Coronary Vascular Effects of Glucagon in the Isolated Dog Heart
Glucagon decreases peripheral vascular resistance by direct action on the arterioles. The present experiments were performed to study the effect of glucagon on the coronary resistance vessels. In isolated hearts from eight dogs the coronary arteries were perfused at a constant rate and the change in coronary pressure was used as an index of change in resistance after the intracoronary injections of glucagon (50 µg/kg). In the beating heart, glucagon caused a 22% decrease in the average coronary pressure (from 102 to 80 mm Hg); however, with this decrease in coronary resistance, myocardial contractility rose an average of 45% (from 11 to 16 units), the average heart rate increased 38% (from 156 to 213 beats/min), and the average coronary venous oxygen saturation decreased from 79.7% to 63.7%. However, when similar intracoronary injections of glucagon were made after cardiac arrest by potassium there was no change in coronary venous oxygen saturation and no significant decrease in coronary pressure. We conclude that the decrease in coronary resistance in the beating heart after glucagon injection is secondary to the metabolic effects of the increased myocardial contractility and heart rate, and that there is no significant direct vasodilating effect on the coronary resistance vessels.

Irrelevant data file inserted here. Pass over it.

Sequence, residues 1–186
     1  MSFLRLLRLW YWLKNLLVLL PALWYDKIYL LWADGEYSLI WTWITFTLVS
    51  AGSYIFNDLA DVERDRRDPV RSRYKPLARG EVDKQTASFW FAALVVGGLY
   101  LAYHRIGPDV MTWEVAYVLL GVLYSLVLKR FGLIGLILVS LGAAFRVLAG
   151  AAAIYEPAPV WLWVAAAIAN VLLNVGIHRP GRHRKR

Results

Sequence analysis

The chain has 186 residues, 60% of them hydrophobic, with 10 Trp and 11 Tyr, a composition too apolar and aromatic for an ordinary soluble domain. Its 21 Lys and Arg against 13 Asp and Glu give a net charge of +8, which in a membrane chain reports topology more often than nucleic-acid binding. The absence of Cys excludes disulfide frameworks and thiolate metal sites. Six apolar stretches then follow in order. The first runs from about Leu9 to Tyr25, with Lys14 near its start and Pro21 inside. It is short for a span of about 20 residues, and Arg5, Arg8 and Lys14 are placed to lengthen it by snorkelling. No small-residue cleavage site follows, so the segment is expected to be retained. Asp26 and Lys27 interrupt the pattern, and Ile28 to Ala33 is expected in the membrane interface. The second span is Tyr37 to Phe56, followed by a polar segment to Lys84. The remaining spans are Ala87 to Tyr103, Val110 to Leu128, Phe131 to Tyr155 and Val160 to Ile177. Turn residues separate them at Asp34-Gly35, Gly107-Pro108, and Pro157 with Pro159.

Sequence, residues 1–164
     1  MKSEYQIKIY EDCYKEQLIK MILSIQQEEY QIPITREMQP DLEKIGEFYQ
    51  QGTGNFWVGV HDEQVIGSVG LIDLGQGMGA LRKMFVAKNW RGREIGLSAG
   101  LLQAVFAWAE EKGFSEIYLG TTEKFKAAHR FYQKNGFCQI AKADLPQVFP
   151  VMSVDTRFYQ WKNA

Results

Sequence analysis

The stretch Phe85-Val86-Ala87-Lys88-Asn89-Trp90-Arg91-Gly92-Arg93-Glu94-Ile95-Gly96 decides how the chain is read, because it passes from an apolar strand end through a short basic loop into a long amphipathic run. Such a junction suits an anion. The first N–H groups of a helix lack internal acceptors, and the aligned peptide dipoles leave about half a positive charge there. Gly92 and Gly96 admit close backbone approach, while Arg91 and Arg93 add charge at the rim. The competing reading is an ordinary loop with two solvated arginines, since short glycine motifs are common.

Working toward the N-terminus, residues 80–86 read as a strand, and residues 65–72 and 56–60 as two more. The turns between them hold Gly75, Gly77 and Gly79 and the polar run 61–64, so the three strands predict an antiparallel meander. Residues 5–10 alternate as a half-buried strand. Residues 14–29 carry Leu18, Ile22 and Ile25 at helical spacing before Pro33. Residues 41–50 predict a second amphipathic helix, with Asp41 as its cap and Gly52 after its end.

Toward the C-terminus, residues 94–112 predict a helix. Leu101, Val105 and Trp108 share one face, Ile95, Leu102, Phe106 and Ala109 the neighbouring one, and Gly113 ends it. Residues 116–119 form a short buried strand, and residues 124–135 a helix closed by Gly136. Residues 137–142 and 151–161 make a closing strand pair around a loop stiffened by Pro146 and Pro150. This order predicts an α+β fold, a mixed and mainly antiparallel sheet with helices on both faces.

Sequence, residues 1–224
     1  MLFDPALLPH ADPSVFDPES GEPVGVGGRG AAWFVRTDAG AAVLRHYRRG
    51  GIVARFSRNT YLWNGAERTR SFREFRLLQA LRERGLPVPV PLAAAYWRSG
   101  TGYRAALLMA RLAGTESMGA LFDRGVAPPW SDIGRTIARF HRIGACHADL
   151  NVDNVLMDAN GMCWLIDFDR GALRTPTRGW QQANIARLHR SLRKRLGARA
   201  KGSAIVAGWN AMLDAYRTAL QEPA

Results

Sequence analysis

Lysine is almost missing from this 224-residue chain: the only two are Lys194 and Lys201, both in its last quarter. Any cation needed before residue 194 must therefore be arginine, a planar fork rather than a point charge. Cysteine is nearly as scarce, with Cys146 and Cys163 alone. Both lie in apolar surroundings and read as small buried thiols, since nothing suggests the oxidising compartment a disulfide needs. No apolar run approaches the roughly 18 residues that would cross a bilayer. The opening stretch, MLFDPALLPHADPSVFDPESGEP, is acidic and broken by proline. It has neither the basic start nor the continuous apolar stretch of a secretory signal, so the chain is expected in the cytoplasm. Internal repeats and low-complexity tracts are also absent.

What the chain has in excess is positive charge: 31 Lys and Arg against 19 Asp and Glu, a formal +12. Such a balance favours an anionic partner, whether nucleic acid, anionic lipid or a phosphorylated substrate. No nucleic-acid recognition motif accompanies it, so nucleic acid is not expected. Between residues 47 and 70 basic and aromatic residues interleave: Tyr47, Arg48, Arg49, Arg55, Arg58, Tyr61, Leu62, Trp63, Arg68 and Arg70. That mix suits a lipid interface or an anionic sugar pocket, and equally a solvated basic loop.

- constant coronary flow
- potassium cardiac arrest
- myocardial O2 consumption
- positive inotropism and chronotropism
- non-beta-receptor sites
- Received August 20, 1969.
- Accepted December 1, 1969.
- © 1970 American Heart Association, Inc.